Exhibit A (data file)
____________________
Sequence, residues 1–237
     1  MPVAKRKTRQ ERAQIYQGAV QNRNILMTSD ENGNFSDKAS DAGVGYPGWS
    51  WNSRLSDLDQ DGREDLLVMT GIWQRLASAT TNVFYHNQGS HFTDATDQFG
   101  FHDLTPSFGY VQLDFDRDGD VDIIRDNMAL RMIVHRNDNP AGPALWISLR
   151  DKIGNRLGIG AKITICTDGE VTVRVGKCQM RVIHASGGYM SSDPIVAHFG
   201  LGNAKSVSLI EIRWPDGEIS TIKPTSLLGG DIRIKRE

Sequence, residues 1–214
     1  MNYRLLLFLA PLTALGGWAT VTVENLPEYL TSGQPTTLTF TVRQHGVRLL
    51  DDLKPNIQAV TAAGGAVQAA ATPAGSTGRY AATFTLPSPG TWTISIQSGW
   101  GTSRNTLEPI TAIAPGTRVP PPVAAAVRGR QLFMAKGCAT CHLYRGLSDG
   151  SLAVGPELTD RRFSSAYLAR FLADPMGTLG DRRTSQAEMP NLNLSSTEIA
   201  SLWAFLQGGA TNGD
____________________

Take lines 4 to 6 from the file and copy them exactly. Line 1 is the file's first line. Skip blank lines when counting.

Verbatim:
   101  FHDLTPSFGY VQLDFDRDGD VDIIRDNMAL RMIVHRNDNP AGPALWISLR
   151  DKIGNRLGIG AKITICTDGE VTVRVGKCQM RVIHASGGYM SSDPIVAHFG
   201  LGNAKSVSLI EIRWPDGEIS TIKPTSLLGG DIRIKRE